Sunflower Diversified receives timely gift from local Knights of Columbus


When the Great Bend Knights of Columbus (K of C) recently donated more than $3,200 to Sunflower Diversified Services, the timing was perfect.

Sunflower Early Education Center (EEC) needed new equipment for infant and toddler hearing tests and the donation allowed the non-profit entity to order it.

“The timing of our donation is something we are very pleased with,” said Dennis Redburn, Great Bend K of C Grand Knight. “We are happy to help in whatever way we can.

“The Knights of Columbus wants to support Sunflower, which provides options and opportunities to people with delays and disabilities.”

Redburn said the K of C is grateful to everyone who contributed in any way to its recent Tootsie Roll Campaign. They are responsible for the $3,261.86 donation to Sunflower.

“We were able to raise these funds because of generous community support and our retail partners,” Redburn commented.

Wal-Mart, Dillons and Waters Hardware allowed K of C representatives to raise Tootsie Roll money at their locations. In addition, St. Patrick and St. Rose churches also accommodated the Tootsie Roll drive.

Jon Prescott, Sunflower chief executive officer, said “we are so blessed by the generosity of the Knights of Columbus. They allowed us to purchase critical equipment at a time when the old machine was definitely showing its age. The Knights have our heartfelt gratitude.”

The cost of the Otoacoustic Emissions (OAE) screening unit and the printer is $4,725.

“We are so grateful to the Knights of Columbus for its generous donation,” said Heather Quillin, Sunflower coordinator of children’s services. “The OAE machine is critical to completing hearing screenings and ensuring we provide the most comprehensive early intervention services to children and families.”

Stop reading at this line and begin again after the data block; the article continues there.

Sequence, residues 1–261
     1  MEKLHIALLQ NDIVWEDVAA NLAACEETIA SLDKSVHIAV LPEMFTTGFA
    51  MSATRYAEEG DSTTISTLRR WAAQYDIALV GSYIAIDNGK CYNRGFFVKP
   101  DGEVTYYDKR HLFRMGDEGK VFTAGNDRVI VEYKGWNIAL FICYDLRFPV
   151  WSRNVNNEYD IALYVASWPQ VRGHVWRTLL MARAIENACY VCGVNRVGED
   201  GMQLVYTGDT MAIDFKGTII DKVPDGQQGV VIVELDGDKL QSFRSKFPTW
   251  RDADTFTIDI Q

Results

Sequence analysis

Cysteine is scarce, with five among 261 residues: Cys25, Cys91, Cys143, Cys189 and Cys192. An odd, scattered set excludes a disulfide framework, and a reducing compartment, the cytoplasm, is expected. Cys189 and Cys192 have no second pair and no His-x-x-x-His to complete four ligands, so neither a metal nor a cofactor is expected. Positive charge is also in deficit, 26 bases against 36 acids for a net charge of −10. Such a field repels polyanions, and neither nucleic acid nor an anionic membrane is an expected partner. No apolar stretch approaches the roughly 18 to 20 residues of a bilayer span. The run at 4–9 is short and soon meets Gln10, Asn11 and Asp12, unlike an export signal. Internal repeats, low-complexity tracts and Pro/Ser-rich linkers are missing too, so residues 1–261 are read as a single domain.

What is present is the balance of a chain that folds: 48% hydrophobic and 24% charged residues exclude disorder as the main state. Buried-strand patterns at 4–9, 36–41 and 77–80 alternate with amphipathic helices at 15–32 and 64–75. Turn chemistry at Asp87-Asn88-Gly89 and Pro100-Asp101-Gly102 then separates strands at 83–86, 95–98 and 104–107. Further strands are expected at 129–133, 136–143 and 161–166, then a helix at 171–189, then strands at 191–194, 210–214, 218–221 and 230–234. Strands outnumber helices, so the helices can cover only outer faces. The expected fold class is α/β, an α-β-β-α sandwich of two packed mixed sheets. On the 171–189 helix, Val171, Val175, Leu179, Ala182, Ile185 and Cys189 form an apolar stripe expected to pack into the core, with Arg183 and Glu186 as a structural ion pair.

As part of community screenings and evaluations of children in the EEC’s tiny-k program, hearing and vision screenings are conducted. The OAE machine, which is often part of a newborn’s screening, is one of the instruments used to determine how the inner ear is working.

Hair cells respond to sound by vibrating. This vibration produces a very quiet sound that echoes back into the middle ear. OAE measures this sound.

The test entails placing a small probe in the ear; results are seen on a monitor screen.

“We use another instrument to look in the ear and yet another to see if there is fluid behind the middle ear,” Quillin noted. “By combining all our findings, we can get an idea of how the child is hearing.

“When a child faces an unidentified hearing loss, it can greatly impact all areas of development, including communication and learning,” she continued. “Therefore, it is critical to identify a hearing loss early. We can support families with services to help children reach developmental milestones.” For more information, visit www.soundbeginnings.org/families.htm.

“This family-friendly website explains the importance of screenings and dispels the misconceptions,” Quillin said.

Sunflower, a non-profit agency, serves infants, toddlers and adults in Barton, Pawnee, Rice, Rush and Stafford counties. It is in its 55th year.

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